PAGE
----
Unfortunately, there are many search engine myths out there and it’s hard to separate fact from fiction. Your rankings could be boosted by simply knowing a few of these SEO elements. We’ve pulled together a list of the most common local SEO myths and busted them so you don’t have to.


Common Local SEO Myths

Local SEO is important for any business today. And it’s getting even more important – Google is getting better at refining results to show local businesses when a user searches for a product or service. That’s why you should know the truth about local SEO and how you can use it to optimise your SEO.

If you delete your listing in Google My Business, it removes the listing from Google.

Business owners will sometimes ask how they can get rid of duplicate listings on Google. People sometimes claim the duplicate listing and then log on to their Google My Business Dashboard to delete it. Google then brings up a warning, asking if you really want to delete the listing. The truth is, when you delete a listing here, it only makes it unverified, it will still show up on Google Maps.

If you don’t claim your page it won’t be listed anywhere.

If you’ve received a message that says your business is not currently verified and you should claim it, you may be one of the business owners that worry your business won’t be listed. People who call you with this message are likely not experts in the industry. Even if you don’t verify your listing it will still be ranked. It might just rank better if you add more information to it.

Professional or practitioner listings on Google can be deleted for being duplicate listings.

It’s not uncommon for Google to create listings for public-facing professionals like doctors, lawyers, realtors, etc. But the owner may not want these listings to exist. In these cases, Google will remove the listing on one of two conditions. First, the professional should not be public facing. Secondly, the business only has one public-facing individual. If you have your own law firm, for example, you can be a solo practitioner and can merge the listing with the one for the office.

Posting updates on Google+ will help boost your rankings.

Your posts will not commonly be seen by people unless they specifically search for it. When it comes to local listings, Google doesn’t include your Google+ page in these results. Although you should not completely ignore Google+ as a social platform, it won’t make your rankings increase significantly.

Maps SEO can be effective separately from organic SEO

People often see good results with organic SEO but don’t see their business showing up on local listings. They then wonder if they can hire an SEO professional to handle their local SEO. The truth is that local SEO is not something that you can separate from organic SEO. Local listings and organic SEO is very closely connected. If you have a good budget available, you should get an SEO company that knows that these two are connected and handle your SEO as a whole.

Google employees know best when it comes to which ranking signals you should focus on.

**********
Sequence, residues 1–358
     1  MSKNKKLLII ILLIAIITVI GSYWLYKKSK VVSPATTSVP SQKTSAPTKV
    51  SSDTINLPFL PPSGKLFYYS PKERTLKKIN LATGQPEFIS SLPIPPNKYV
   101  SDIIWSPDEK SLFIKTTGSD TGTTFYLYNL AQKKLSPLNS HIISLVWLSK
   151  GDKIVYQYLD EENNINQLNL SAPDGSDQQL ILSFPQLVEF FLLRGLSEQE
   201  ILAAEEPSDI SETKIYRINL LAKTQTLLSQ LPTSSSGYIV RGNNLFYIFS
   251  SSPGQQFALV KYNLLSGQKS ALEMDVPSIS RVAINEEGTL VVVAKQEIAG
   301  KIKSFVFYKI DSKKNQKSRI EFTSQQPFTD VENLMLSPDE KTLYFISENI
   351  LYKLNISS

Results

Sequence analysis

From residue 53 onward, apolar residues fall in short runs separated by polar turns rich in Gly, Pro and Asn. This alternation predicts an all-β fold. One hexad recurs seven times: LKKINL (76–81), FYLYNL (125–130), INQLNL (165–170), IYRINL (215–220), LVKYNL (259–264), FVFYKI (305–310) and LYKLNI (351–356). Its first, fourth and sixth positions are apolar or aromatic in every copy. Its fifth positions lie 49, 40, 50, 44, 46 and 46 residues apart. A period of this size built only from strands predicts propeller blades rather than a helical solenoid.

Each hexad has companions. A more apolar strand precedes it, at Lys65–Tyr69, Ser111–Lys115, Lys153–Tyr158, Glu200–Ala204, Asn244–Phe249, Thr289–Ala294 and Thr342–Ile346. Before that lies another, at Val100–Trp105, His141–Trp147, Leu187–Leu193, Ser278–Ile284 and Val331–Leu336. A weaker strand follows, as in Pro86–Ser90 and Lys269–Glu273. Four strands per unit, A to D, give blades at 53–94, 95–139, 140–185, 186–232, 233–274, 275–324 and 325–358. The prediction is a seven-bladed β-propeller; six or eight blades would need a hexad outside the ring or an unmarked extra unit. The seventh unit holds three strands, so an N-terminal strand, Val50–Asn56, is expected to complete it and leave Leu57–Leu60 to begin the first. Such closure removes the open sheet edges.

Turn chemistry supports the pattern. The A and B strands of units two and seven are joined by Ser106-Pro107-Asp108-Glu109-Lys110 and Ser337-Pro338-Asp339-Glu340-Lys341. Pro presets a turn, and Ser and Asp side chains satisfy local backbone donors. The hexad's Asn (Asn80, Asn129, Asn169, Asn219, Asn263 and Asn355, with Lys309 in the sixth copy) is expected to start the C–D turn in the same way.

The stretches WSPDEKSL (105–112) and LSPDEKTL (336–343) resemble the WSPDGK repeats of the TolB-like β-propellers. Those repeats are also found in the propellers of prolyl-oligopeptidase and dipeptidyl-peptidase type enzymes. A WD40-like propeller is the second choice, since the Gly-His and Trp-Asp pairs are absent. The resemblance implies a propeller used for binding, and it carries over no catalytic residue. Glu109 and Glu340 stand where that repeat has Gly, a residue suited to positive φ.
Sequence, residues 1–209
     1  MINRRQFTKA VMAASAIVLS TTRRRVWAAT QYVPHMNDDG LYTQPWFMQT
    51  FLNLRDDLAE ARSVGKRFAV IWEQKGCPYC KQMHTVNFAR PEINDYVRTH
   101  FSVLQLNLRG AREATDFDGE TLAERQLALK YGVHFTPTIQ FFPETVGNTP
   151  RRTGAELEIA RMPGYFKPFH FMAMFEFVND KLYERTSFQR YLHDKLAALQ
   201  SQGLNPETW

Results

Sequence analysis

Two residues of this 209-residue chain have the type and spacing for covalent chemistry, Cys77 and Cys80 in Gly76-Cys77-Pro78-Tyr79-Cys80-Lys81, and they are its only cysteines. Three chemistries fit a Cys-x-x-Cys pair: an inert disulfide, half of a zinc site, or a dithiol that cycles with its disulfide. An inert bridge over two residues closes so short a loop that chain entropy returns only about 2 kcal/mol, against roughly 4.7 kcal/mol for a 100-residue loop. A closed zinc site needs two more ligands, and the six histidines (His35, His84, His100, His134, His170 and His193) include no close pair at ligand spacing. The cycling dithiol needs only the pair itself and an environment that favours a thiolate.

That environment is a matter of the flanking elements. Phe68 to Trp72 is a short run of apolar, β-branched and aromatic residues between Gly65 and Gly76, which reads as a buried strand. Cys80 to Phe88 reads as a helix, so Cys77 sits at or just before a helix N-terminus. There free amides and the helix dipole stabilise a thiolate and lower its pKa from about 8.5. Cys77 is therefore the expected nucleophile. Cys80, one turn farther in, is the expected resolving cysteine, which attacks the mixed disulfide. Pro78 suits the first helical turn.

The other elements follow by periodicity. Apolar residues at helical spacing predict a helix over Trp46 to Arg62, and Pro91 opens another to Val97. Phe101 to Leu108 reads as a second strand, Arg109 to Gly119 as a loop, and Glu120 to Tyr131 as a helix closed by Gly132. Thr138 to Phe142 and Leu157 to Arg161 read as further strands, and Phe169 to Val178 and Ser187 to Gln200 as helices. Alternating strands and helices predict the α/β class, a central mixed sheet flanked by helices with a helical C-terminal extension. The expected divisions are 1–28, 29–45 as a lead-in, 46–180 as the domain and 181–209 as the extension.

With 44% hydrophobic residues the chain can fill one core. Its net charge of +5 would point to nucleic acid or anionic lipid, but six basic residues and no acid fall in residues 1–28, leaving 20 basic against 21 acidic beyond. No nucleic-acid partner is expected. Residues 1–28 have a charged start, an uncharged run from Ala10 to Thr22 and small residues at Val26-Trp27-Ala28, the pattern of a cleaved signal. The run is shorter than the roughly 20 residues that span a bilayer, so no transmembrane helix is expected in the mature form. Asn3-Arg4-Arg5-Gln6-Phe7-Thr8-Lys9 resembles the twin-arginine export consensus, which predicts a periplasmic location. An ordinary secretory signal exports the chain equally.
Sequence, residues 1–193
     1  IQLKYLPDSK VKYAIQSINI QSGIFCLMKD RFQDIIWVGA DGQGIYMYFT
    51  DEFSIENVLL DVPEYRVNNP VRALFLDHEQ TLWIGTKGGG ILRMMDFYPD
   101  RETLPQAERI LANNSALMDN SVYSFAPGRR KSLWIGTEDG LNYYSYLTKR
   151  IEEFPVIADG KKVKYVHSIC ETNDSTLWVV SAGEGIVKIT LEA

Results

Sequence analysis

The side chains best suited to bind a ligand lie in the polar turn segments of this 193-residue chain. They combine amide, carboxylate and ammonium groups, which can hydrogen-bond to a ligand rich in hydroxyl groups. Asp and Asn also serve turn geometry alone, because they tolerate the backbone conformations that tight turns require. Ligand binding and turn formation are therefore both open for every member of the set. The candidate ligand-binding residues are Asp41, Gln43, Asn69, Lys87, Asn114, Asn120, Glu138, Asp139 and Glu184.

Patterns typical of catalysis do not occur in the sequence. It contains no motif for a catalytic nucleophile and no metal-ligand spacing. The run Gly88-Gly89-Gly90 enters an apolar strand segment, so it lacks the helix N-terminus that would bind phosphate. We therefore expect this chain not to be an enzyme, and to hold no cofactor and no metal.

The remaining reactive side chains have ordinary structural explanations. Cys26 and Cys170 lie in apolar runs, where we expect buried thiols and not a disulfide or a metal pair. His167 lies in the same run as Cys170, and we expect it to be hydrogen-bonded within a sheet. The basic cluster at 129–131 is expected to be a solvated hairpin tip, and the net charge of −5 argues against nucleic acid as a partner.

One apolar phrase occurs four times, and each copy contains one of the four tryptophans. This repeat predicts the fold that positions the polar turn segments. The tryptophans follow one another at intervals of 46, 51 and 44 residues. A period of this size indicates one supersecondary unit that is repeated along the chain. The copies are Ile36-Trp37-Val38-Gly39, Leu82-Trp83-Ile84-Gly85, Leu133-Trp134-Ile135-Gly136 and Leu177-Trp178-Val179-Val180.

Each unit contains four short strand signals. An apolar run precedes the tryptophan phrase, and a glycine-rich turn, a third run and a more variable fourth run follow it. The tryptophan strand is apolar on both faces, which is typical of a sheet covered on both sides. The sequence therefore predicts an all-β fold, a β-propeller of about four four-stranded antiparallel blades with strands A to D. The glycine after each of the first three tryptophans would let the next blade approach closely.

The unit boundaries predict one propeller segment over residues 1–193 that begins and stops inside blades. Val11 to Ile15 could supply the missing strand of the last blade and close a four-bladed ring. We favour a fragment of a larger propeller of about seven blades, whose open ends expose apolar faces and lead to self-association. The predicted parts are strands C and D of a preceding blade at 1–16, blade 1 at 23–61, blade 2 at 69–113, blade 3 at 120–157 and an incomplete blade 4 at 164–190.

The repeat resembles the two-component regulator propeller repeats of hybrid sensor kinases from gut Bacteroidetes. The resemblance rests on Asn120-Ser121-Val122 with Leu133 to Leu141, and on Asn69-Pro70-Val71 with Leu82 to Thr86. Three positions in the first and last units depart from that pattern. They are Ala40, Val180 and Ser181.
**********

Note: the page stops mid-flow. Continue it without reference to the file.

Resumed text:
Google employees may be knowledgeable about a lot of things, but they don’t have any incentive to spill any secret tips on how you can rank top within Googles result pages. Some of them have said that duplicate listings can fix themselves, Google+ postings can help your rankings, and by altering your business description you can rank better in the 3-pack. These are simply not true.

Setting a huge service area will rank your business for all the additional cities and towns.

If you have a service-based business, you can set a radius around your business to show where you offer your services. It indicates how far you are willing to travel to help a customer. Some business owners choose to set this radius very large as they believe it might help them to rank higher. Setting your service area larger will not result in better rankings. You will likely still rank in the area your business is in.

If you relocate your business, you need to close your old business listing.

This is not true. If you mark your listing as ‘closed’ you will have a big label that says ‘permanently closed’ and this will show up when someone searches for your business. All you need to do is log into Google My Business and change your address or contact details. If a duplicate unverified listing exists, make sure you mark it as ‘moved’. You do not need to delete any old listing as it may look like you’ve closed down.

Google will publish whatever information you add in Google My Business.

Google gets information from various sources, so it’s not only coming from your Google My Business dashboard. You can edit the information to reflect your business accurately, but it will still be verified against third party data, information on your business website, and Google Maps. So Google does not only get its information from Google My Business profiles.

Social media cannot help your local SEO efforts.

Content from social media websites like Facebook and Twitter can potentially lead to millions of other sites that can create backlinks to your website. This means social media is, in fact, an important factor in local SEO success. That’s why it’s always recommended that you keep your social media profiles current and that the information on all your profiles is accurate and similar. This is especially true when it comes to contact details such as addresses and telephone numbers.

We’re here to help

Though SEO myths will come and go, high-quality content will never lose its value. With successful content being so vital for SEO, working with an experienced and reliable content team is essential. Get in touch with our experts at The Content Works for valuable, optimised content to suit your unique SEO needs. Drop us a line on 0207 305 55 99 or email hello@thecontentworks.uk to talk to us about how we can help you.

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